Achievement gaps narrow slightly, but statewide test scores stay mostly flat

Pencil on test paperColorado students’ performance on state standardized tests stalled for the second year in a row, according to new data released Wednesday.

And while some achievement gaps between the state’s white students and their black and Hispanic counterparts narrowed slightly, state officials estimated that the slow pace could mean three decades will pass before students in the demographic groups perform at similar levels.

“We can call this a glimmer of hope, but it’s a very faint glimmer,” State Board of Education chair Paul Lundeen said.

Nearly 70 percent of the state’s students are reading at grade level, essentially the same rate as last year. About 57 percent are proficient or above in math, an increase of about a percentage point from 2012. Exactly 55 percent of students tested are writing at grade level, also an increase of one point over last year.

The biggest statewide gains came on science tests, where scores rose 1.5 percentage points, with just over half of students achieving proficiency.

“Overall students are making gains. More students are showing growth,” testing director Joyce Zurkowski told the state board Wednesday morning. “But these gains are not sufficient if our students are to be college and career ready.”

State officials pointed out that since 2008, low-income students and those learning English have improved their performance on state exams at a faster rate than their more affluent and English-fluent peers, and black and Hispanic students have made more gains than white students. Between last year and this year, for example, the difference between white and Hispanic students’ scores in both reading and math narrowed by roughly one and a half percentage points.

However, test scores of black and Hispanic students still lag far behind those of their white peers.

“I hope this prompts a deep discussion of the gaps,” said board member Deb Scheffel. Among those questions, Scheffel said, should be whether providing extra funding to low-performing schools is having an impact.

But board member Angelika Schroeder pointed out that the state is just beginning to implement a broad slate of school-improvement efforts, including upgrades to early literacy programs and new content standards that are being introduced to classrooms this school year.

“I guess I’m not as pessimistic as everyone else,” Schroeder said.

Scores of Denver Public School students overall snuck upward in ranges from one percentage point on writing exams to three percentage points on math and science tests.

Superintendent Tom Boasberg lauded the sustained progress in scores, which have increased by double digits in all subjects since 2005. Schools in the Far Northeast neighborhood of Denver, where the district launched a concerted turnaround effort two years ago, have posted double-digit gains in proficiency at both the middle and high school level.

“Most strikingly, Denver Public Schools students for the second year in a row showed more growth than students in any of the biggest districts in the state,”  Boasberg said. “At the same time, we remain very concerned about our achievement gaps.”

Performance gaps between Hispanic and black students and their white peers in the district on reading tests, for example, have remained stagnant since 2011 with a a nine percentage point difference. And while 70 percent of the district’s more affluent students met the proficiency bar on math exams, just half of students on reduced-price lunch and just over a third of students who receive free lunch met that standard.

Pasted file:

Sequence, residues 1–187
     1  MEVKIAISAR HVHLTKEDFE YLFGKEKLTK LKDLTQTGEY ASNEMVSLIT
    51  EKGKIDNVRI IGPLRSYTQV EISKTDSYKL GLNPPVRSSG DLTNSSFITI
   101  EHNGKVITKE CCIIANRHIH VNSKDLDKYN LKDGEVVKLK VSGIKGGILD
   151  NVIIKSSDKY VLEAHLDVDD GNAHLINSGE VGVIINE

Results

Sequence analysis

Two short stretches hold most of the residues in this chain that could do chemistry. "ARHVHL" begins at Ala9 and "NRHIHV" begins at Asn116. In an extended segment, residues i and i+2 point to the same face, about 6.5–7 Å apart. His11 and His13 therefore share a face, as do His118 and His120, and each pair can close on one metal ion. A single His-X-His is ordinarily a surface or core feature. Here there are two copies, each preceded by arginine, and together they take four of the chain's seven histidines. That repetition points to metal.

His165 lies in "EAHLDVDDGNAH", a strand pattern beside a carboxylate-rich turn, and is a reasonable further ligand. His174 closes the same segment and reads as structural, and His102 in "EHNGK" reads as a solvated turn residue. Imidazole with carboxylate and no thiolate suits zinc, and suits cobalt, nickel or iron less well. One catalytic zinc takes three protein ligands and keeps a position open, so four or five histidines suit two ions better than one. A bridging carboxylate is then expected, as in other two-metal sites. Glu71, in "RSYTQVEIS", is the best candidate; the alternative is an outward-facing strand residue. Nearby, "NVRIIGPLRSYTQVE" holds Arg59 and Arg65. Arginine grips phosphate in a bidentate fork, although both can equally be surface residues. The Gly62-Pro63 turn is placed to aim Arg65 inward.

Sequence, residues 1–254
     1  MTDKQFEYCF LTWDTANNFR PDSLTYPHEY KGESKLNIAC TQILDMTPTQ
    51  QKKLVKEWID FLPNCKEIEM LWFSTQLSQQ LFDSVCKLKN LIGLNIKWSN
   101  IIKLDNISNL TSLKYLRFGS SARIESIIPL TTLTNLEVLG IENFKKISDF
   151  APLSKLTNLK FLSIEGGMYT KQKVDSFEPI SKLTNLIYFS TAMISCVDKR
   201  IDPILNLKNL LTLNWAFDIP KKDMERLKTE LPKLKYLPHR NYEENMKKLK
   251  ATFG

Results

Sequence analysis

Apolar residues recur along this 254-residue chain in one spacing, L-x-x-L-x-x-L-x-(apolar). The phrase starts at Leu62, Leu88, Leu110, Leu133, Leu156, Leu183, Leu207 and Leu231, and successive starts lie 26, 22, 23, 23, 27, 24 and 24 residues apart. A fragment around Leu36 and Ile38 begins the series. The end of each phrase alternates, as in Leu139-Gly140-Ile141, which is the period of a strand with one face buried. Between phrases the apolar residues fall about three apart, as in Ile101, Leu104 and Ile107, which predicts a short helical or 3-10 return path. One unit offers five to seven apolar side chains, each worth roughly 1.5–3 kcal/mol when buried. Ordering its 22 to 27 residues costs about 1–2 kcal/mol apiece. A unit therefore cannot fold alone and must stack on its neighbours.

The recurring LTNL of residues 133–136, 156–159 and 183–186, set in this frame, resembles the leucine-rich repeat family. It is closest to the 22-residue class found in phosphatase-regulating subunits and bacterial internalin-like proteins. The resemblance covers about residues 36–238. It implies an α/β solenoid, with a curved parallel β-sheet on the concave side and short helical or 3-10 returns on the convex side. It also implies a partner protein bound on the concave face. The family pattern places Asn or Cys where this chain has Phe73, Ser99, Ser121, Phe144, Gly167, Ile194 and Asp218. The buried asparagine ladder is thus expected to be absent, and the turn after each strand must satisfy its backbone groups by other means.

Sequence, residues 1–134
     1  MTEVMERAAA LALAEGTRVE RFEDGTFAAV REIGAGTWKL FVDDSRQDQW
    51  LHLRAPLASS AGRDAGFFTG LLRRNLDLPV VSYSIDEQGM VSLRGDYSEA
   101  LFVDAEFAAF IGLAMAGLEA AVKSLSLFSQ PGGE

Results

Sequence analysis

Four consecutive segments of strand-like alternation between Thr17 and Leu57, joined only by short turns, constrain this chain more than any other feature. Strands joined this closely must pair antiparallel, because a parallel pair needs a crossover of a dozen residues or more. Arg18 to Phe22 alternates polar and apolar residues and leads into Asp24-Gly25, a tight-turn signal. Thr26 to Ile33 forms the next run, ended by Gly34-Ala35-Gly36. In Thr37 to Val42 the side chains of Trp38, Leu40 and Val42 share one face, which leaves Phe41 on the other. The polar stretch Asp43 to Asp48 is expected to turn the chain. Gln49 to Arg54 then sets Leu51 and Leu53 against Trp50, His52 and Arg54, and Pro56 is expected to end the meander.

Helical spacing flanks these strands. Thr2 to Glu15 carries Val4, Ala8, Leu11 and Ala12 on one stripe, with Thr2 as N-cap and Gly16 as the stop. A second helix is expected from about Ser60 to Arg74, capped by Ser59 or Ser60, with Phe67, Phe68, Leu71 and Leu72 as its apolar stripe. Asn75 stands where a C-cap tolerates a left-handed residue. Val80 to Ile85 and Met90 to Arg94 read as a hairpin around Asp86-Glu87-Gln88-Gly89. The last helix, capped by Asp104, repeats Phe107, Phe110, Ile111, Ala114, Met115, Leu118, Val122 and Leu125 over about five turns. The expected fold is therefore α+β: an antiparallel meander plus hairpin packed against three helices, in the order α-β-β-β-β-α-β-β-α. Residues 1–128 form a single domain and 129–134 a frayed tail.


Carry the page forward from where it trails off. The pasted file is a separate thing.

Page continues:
Those sustained gaps, along with low relative overall performance compared to other districts, fueled criticism from opponents of Boasberg’s reform efforts.

“The district will somehow find reasons to celebrate,” said DPS board member Jeannie Kaplan in a statement. “I can find no such thing.” Kaplan argued that progress remains too slow given the wide gaps in absolute performance between the district and the rest of the state. Overall, 54 percent of Denver students reached the proficiency bar in reading. In math, 46 percent of students in the district are proficient and 42 percent write on grade level.

Find your school and district’s TCAP scores as well as their growth rates in our searchable databases. And follow EdNews Colorado for more analysis and take-aways from the state scores soon.

School safety

Hiring more security officers in Memphis after school shootings could have unintended consequences

PHOTO: Jahi Chikwendiu/The Washington Post/Getty Images

Tennessee’s largest district, Shelby County Schools, is slated to add more school resource officers under the proposed budget for next school year.

Superintendent Dorsey Hopson earmarked $2 million to hire 30 school resource officers in addition to the 98 already in some of its 150-plus schools. The school board is scheduled to vote on the budget Tuesday.

But an increase in law enforcement officers could have unintended consequences.

A new state law that bans local governments from refusing to cooperate with federal immigration officials could put school resource officers in an awkward position.

Tennessee Education Commissioner Candice McQueen recently reminded school personnel they are not obligated to release student information regarding immigration status. School resource officers employed by police or sheriff’s departments, however, do not answer to school districts. Shelby County Schools is still reviewing the law, but school board members have previously gone on the record emphasizing their commitment to protecting undocumented students.

“Right now we are just trying to get a better understanding of the law and the impact that it may have,” said Natalia Powers, a district spokeswoman.